Metabolically healthy obesity and metabolically obese normal weight: a review.

Affiliation

Gómez-Zorita S(#)(1)(2)(3), Queralt M(#)(4), Vicente MA(5)(6), González M(7), Portillo MP(4)(5)(8).
Author information:
(1)Nutrition and Obesity Group. Department of Nutrition and Food Science, University of the Basque Country
(UPV/EHU) and Lucio Lascaray Research Institute, Vitoria, Spain. [Email]
(2)BIOARABA Health Research Institute, Vitoria, Spain. [Email]
(3)CIBERobn Physiopathology of Obesity and Nutrition, Institute of Health Carlos III, Vitoria, Spain. [Email]
(4)Nutrition and Obesity Group. Department of Nutrition and Food Science, University of the Basque Country
(UPV/EHU) and Lucio Lascaray Research Institute, Vitoria, Spain.
(5)BIOARABA Health Research Institute, Vitoria, Spain.
(6)Alava University Hospital
(Osakidetza), Vitoria, Spain.
(7)Nutrition and Food Science Department, Faculty of Biochemistry and Biological Sciences, National University of Litoral and National Scientific and Technical Research Council
(CONICET), 3000, Santa Fe, Argentina.
(8)CIBERobn Physiopathology of Obesity and Nutrition, Institute of Health Carlos III, Vitoria, Spain.
(#)Contributed equally

Abstract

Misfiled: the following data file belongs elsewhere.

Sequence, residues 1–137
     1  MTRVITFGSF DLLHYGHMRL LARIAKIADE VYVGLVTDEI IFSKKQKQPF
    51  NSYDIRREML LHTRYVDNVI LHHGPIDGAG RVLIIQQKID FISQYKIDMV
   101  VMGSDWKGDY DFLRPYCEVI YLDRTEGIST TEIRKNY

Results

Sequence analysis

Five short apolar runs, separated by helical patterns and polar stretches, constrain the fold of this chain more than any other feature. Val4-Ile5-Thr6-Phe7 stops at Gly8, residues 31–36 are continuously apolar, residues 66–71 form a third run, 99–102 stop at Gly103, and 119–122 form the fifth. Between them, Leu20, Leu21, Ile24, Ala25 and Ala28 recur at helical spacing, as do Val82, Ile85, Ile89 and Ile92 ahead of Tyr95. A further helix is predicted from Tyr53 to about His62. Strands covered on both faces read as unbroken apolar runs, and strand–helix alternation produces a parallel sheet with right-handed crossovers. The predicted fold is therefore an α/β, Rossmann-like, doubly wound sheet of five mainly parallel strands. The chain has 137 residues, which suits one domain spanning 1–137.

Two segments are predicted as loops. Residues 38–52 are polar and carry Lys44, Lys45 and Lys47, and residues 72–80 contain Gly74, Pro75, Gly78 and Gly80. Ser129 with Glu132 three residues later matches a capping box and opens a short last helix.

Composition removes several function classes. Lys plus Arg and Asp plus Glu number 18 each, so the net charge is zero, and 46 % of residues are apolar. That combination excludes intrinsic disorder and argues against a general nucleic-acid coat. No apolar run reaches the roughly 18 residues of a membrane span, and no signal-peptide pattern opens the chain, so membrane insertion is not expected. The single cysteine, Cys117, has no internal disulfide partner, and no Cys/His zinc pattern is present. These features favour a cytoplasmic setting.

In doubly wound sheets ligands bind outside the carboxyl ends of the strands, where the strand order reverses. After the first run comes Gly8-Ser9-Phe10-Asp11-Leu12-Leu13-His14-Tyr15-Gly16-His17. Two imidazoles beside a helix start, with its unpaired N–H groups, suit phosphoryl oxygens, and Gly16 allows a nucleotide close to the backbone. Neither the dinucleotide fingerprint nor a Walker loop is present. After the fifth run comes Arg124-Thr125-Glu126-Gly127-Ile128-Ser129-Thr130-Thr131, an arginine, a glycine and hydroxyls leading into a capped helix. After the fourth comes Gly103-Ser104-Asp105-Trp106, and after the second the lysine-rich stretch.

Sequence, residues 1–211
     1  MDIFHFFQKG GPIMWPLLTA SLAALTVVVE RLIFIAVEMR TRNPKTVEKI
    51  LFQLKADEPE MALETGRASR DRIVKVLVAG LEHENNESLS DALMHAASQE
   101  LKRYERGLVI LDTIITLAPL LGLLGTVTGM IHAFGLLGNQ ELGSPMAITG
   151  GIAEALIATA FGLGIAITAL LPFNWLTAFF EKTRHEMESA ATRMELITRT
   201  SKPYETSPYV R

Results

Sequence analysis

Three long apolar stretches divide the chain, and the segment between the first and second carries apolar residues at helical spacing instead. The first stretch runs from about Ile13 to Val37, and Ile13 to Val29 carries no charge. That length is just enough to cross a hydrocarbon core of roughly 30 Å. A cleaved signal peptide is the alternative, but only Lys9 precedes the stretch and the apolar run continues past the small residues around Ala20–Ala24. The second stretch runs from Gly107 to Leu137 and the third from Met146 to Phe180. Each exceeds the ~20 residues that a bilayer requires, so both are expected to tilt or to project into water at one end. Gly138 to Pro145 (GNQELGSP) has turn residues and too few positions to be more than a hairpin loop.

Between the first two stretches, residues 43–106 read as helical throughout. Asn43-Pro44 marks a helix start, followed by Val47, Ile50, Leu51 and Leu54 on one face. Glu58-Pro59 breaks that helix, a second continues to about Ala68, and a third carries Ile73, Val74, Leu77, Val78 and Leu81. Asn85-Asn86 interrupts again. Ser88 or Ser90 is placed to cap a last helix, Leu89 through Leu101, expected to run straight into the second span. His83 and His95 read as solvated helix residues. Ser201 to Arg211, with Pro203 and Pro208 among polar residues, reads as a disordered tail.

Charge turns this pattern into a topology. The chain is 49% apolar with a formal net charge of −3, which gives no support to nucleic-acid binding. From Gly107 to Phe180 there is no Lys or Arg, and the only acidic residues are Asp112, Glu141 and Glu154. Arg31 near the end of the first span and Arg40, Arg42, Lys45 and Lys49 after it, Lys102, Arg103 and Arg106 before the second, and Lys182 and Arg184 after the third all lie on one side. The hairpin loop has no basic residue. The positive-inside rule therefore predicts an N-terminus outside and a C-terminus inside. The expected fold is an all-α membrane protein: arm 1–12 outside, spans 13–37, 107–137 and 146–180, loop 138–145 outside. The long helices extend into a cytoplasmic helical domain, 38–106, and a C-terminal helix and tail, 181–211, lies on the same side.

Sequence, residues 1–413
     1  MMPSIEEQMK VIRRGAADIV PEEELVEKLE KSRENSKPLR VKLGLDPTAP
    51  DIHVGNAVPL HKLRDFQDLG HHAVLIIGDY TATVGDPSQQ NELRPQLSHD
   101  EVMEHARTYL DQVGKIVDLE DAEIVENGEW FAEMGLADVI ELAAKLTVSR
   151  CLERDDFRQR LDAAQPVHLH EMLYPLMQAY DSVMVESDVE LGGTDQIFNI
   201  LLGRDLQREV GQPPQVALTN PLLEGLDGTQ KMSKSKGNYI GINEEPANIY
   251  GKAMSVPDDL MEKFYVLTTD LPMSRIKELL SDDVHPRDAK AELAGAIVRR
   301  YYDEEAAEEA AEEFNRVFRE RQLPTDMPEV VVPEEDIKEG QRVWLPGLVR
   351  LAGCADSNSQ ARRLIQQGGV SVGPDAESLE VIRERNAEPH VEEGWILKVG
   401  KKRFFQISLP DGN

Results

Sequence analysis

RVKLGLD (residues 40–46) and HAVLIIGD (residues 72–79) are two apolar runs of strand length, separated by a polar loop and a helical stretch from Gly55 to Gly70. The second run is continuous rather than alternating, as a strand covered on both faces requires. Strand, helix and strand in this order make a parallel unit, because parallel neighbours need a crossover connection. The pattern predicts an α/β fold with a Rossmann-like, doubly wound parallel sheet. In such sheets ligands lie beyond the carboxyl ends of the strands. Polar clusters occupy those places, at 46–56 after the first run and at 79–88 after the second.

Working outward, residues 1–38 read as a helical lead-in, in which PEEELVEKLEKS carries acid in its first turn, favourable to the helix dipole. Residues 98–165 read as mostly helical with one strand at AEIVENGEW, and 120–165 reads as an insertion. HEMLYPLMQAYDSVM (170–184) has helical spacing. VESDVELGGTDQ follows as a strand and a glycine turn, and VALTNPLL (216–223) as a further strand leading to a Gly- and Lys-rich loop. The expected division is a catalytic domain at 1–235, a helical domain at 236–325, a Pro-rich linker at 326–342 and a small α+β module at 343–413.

Despite the general relationship between obesity and its co-morbidities, there are both obese individuals who scarcely present the associated pathologies (metabolically healthy obese; MHO) and individuals who present obesity alterations despite having normal weight (metabolically obese normal weight; MONW). It is still difficult to define metabolically MHO and MONW individuals because different classifications have been used in the studies reported. Indeed, different inclusion criteria have been used to discriminate between metabolically healthy and metabolically unhealthy subjects. Due to this and other reasons, such as differences in ethnicity, genetics, and lifestyle of the populations, data concerning the prevalence of MHO and MONW are very variable. The main determinants of MHO are type of growth (hypertrophy or hyperplasia), anatomical location, inflammation of adipose tissue, ectopic fat accumulation, genetic factors, and lifestyles factors. In the case of MONW, the main determinants are genetic background and lifestyle factors. With regard to treatment, it is not clear whether MHO subjects would benefit from traditional lifestyle interventions, based on diet energy restriction and increased physical activity. For MONW subjects, there is still no specialized treatment, and the therapies are the same as those used in obese subjects.